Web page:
She's unsteady on her feet and has battled numerous health problems, including diabetes, congestive heart failure and chronic obstructive pulmonary disease. Her son shares a home with her in Cicero, but even with his help and the assistance of a part-time caregiver, she has not been able to manage.
Vitko, 83, knows she is better off in the nursing facility and would like to stay there.
"The only thing is, the insurance has run out and I have to figure out a way to pay for it," said her son Carl, who said the situation is stressful financially and emotionally. "It breaks my heart because I didn't want her there. I would love to have her at home."
The last thing on most people's minds when they're young and healthy is contemplating what life might be like when they aren't. But as they age, they are likely to need costly help, whether it is specialized nursing care, in-home caregivers or assistance with the simple tasks of daily life, like getting dressed in the morning.
The wealthy can afford to pay for such things, and the poor can qualify for coverage through the federal Medicaid program. It is the nation's expansive middle class that can fall between the cracks when it comes to long-term care, experts say.
Even those who think ahead often don't save enough because they are struggling to make ends meet.
"People buy insurance for their life because they know they are going to die, for their car because they know that can get in an accident and for their health because they know they can get sick, but people don't tend to buy insurance because they think they are going to need someone to help them take a bath," said Phyllis Mitzen, co-program director of the Center for Long-Term Care Reform at the Health and Medicine Policy Research Group in Chicago.
An initiative that would have incorporated long-term care into the Obama administration's health reform plan was scrapped in October after actuaries determined that it would not be financially self-sustainable over the long haul. The Community Living Assistance Services and Supports Act would have created a voluntary, self-funded, employer-based insurance option to help people save for long-term care.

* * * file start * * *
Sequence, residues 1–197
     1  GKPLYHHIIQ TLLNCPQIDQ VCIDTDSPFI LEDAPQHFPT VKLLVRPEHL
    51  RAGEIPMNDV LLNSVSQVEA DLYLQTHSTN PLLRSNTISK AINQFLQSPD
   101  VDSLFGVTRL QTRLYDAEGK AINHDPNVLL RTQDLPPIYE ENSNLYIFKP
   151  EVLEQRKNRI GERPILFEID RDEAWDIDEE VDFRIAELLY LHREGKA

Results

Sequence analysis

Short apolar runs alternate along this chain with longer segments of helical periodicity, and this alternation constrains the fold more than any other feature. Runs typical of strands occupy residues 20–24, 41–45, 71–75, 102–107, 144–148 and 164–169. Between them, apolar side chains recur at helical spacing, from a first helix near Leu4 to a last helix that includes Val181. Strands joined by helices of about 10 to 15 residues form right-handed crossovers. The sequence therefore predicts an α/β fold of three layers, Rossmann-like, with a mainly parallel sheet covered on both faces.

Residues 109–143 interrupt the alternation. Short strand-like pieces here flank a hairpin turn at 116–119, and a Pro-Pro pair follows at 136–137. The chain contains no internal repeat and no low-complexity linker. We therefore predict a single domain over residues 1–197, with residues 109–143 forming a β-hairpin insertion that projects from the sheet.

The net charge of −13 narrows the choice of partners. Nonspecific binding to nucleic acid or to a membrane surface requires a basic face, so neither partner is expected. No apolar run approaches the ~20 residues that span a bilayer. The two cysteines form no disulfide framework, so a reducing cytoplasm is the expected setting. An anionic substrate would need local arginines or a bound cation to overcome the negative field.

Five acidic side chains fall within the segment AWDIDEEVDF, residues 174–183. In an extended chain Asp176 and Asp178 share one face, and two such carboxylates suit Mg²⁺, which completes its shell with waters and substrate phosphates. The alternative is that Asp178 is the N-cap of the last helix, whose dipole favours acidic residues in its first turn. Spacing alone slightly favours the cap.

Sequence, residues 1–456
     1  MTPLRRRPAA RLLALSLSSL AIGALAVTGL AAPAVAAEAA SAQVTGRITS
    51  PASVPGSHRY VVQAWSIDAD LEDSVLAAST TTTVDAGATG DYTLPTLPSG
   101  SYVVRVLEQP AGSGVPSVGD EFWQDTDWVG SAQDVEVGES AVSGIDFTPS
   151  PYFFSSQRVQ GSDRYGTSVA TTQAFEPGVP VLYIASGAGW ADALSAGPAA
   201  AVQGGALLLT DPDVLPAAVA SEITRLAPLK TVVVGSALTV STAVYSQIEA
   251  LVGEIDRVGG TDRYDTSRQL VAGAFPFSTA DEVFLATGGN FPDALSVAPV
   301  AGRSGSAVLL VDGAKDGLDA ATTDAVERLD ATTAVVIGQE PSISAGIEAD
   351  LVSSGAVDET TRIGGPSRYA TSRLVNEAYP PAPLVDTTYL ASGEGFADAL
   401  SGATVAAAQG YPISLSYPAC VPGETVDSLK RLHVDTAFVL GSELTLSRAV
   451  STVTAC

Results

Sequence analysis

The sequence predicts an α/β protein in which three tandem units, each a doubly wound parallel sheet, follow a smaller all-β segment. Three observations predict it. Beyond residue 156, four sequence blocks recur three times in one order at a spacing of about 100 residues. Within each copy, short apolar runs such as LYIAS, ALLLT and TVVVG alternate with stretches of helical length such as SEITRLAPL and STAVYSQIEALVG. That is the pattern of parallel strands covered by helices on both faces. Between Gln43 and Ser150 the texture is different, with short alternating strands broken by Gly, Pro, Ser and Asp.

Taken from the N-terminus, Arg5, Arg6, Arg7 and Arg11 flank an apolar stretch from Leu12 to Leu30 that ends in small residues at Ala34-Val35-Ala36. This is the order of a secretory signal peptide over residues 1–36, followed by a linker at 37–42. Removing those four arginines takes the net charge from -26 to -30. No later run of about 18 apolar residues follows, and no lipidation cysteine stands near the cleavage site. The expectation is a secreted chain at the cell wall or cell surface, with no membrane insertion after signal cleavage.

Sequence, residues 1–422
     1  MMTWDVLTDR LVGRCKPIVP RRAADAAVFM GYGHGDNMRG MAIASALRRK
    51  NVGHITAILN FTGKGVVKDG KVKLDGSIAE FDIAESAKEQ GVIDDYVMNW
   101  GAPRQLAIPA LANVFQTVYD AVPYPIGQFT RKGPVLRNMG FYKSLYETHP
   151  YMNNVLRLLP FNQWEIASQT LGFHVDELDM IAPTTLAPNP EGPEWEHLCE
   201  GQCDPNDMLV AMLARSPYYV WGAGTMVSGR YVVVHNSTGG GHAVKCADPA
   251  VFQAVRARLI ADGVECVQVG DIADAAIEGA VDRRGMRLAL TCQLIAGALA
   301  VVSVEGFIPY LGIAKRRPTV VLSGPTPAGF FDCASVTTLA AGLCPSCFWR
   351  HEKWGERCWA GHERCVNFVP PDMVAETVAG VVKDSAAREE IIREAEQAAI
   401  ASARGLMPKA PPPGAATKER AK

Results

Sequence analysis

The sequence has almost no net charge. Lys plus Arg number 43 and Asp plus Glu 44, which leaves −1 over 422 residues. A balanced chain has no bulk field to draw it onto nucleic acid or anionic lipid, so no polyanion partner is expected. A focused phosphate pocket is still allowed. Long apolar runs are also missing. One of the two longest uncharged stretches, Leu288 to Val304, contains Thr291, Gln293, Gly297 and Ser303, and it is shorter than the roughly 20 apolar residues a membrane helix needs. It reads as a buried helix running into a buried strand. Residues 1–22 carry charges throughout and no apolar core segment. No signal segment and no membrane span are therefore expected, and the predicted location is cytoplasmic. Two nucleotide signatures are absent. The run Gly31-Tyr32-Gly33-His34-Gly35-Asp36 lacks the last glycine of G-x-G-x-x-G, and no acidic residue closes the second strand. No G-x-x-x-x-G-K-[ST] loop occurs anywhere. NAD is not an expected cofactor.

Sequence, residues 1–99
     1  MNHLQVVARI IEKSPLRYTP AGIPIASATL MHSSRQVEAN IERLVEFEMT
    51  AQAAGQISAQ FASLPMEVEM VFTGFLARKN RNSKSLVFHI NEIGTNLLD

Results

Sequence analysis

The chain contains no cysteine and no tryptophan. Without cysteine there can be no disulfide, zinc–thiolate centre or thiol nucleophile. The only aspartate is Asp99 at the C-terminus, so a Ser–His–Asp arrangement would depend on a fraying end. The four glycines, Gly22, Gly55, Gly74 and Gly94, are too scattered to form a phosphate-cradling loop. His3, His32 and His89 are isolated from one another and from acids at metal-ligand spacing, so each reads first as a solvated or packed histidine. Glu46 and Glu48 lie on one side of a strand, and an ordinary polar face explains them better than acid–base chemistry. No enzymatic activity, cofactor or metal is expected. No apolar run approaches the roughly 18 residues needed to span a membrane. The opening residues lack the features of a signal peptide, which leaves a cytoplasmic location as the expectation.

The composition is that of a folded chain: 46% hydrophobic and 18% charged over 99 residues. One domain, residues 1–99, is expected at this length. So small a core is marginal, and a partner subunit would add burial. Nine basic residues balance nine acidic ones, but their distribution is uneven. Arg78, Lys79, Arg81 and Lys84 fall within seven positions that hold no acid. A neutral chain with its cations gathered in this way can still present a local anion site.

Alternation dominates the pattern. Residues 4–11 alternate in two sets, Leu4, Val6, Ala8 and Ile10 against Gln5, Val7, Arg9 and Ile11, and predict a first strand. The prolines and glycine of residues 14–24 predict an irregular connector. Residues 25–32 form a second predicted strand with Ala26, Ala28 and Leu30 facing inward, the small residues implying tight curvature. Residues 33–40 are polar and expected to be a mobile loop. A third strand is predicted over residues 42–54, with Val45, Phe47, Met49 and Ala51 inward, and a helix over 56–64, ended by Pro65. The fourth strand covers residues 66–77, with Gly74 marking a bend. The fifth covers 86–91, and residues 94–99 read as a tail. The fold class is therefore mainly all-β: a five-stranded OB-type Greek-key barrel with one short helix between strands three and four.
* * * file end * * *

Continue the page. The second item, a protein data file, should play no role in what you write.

In announcing its demise, Health and Human Services Secretary Kathleen Sebelius wrote in a letter to Senate leaders that the problem was not going away.
"By 2020, we know that an estimated 15 million Americans will need some kind of long-term care, and fewer than 3 percent have a long-term care policy," she wrote. "These Americans are our family, our friends and our neighbors. If they are to live productive and independent lives, we need to make sure that they have access to the long-term care supports that make that possible."
Costs to society also are expected to skyrocket. Without insurance coverage or personal wealth, Sebelius said, "more Americans with disabilities will rely on Medicaid services once their assets are depleted, putting further strain on state and federal budgets."
In Illinois, nursing home care averages about $79,000 per year for a private room and $61,000 for a semiprivate room. The annual cost for care in an assisted living facility averages about $41,000, and home health aides cost about $21 per hour.
Most people assume Medicare will pay the bills, but the program covers long-term care only under certain conditions and for a limited time. While Medicaid covers long-term care, beneficiaries have to be poor or willing to "spend down" their assets to be eligible. Private insurance can be expensive and excludes applicants with serious medical problems.
As a result, many families pay out of pocket until they exhaust their resources and then turn to Medicaid. That's the situation the Vitkos find themselves in.
"People are forced into poverty," said Jonathan Lavin, president and CEO of AgeOptions, the Area Agency on Aging of Suburban Cook County. "We have people transferring assets so they can get into the Medicaid program. We've asked family caregivers more than anyone should really ask them to do. We've never sorted this out. It's a major concern that … there aren't enough resources available."
In Illinois, the state is establishing a long-term care insurance partnership program to encourage people to buy private insurance and think about their future needs.
"If you get into the program and buy a special type of long-term care insurance, it will allow you in a legal way to keep your assets, dollar for dollar equal to the amount of benefits you get from your long-term care insurance, and still legitimately qualify for … Medicaid," said Julie Hamos, director of the Illinois Department of Healthcare and Family Services.